My Take: 5 things I learned editing the Belief Blog
December 31st, 2012
06:00 PM ET

My Take: 5 things I learned editing the Belief Blog

By Dan Gilgoff, CNN.com Religion Editor

(CNN) - Monday is my last day at CNN.com, so it's a good time to reflect on what I’ve learned as religion editor here these past three years.

The CNN Belief Blog will continue to go strong under the leadership of Eric Marrapodi, with whom I’ve been lucky to co-edit the blog since 2010. I’m off to National Geographic, where I’ll be director of digital news.

Five things I’ve learned as religion editor at CNN.com:

1.) The faith/meaning angles off breaking news can yield meaningful, important stories - even when it feels a little weird to do them. The recent Newtown school massacre offers a case in point: We wrote about people grappling with the question “Where was God?” in the tragedy’s aftermath on the same day the shooting happened. The approach might have been dismissed as “fluffy” in other newsrooms (and one college professor hung up on me when I explained what I was writing about), but exploring that question got to one of the most keenly felt sentiments among those in Newtown and among people watching the news from anywhere. Trying to make sense of seemingly senseless deaths and suffering is a fundamental human struggle. It helps explain why our piece quickly collected nearly 8,000 comments. People want to talk about belief, spirituality and the meaning of life - including when it appears that all hell has broken loose.

2.) The explosion of people with no religion will be a huge story in this century, and the news media have only begun to explore its many implications. CNN reporter Dan Merica has led the news media pack in reporting on what the growth of “religious nones” means for American politics and for the burgeoning movement of activist atheists, which represents only a small portion of those with no religion. There are countless other stories to be found among the tens of millions of religious “nones” - about making meaning, tradition and ethics in a post-religious existence. These stories won’t be provoked by press releases. If you’re a religious “none,” speak up. Let the news media know what we should be covering in your world.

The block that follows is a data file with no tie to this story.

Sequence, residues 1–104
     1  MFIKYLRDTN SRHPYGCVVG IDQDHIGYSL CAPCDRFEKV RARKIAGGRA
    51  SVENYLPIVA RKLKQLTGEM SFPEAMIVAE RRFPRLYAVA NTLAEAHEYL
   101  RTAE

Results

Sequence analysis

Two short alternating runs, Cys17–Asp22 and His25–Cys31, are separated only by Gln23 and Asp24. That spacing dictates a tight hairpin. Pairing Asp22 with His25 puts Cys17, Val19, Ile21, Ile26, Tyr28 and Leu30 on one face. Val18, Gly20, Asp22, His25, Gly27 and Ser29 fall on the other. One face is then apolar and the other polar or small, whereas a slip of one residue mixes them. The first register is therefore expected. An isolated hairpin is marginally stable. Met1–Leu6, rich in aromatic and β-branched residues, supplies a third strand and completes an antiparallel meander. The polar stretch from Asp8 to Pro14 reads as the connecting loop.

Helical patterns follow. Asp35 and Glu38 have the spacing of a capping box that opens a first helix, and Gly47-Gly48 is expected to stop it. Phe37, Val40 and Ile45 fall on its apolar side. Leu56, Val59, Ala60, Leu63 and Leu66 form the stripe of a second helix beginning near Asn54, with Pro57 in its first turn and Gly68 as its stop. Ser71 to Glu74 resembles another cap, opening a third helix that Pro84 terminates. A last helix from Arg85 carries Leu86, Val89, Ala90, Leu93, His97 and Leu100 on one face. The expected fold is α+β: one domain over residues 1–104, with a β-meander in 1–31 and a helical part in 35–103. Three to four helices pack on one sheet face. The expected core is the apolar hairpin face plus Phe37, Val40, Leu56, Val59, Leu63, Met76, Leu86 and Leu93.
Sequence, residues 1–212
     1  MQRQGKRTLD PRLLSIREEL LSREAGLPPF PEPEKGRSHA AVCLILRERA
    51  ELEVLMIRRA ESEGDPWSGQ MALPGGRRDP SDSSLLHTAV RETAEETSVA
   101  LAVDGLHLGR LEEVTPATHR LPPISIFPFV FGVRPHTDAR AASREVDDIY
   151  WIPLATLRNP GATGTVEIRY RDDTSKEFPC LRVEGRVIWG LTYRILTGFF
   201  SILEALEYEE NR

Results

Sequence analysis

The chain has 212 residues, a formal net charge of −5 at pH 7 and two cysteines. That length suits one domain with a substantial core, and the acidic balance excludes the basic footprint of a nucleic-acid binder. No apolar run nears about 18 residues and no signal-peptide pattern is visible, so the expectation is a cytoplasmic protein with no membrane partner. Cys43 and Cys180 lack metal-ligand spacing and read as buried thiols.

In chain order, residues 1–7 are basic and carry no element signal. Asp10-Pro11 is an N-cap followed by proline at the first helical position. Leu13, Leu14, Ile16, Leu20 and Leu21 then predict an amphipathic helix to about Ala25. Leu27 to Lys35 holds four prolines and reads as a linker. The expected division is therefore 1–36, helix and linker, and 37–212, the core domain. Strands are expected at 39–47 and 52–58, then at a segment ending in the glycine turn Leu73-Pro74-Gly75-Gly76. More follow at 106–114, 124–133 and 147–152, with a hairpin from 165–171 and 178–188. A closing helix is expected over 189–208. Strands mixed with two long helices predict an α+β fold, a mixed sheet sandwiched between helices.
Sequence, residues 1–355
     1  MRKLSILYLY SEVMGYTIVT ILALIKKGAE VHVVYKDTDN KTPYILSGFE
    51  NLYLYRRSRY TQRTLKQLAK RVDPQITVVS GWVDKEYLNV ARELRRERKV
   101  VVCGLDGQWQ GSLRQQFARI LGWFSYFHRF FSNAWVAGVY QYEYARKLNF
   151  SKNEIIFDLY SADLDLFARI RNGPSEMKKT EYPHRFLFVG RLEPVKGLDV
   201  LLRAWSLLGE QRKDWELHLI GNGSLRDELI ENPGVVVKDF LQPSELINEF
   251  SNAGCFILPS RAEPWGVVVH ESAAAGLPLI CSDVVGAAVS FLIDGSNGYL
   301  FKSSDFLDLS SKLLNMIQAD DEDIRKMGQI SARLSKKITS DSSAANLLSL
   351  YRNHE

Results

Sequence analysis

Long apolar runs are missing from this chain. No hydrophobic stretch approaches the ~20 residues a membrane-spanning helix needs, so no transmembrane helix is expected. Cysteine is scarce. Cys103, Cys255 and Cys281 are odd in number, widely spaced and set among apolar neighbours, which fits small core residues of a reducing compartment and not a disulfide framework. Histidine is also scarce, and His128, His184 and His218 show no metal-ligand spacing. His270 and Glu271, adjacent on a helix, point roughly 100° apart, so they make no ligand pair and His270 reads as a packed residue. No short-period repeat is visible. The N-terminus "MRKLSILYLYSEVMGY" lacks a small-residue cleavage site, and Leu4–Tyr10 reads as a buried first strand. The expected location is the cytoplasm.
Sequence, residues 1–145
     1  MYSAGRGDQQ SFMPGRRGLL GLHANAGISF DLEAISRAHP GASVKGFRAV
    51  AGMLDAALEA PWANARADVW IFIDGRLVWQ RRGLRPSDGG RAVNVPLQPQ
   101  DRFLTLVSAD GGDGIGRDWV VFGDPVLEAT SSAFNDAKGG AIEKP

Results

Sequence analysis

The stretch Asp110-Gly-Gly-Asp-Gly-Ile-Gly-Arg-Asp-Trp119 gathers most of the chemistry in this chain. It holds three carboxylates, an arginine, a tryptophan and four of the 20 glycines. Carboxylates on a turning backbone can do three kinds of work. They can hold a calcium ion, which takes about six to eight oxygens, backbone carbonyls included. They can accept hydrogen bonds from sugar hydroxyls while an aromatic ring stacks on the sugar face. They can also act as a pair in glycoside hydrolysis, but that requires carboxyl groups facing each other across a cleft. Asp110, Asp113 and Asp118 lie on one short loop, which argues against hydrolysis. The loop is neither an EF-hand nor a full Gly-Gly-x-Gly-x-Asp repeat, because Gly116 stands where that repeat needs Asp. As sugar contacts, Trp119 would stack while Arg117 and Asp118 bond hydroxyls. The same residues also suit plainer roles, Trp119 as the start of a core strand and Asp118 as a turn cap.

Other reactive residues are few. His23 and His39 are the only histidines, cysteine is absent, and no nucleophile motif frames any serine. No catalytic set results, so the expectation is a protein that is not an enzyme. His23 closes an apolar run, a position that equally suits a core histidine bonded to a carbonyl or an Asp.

3.) Religion reporting shouldn’t be an inside game. “We believe that understanding the role of faith in today’s world isn’t optional or nice to know,” we wrote in our inaugural Belief Blog post, in May 2010. “It’s need to know.” That was true again for many of 2012’s biggest stories, for which understanding forces of faith and faithlessness were crucial to understanding the nominees for president, reactions to July’s deadly Aurora, Colorado, shooting and Whitney Houston’s funeral. You don’t have to be religious to think religion stories matter; you just have to be curious about the way the world works. I believe that more now than I did when we launched the Belief Blog.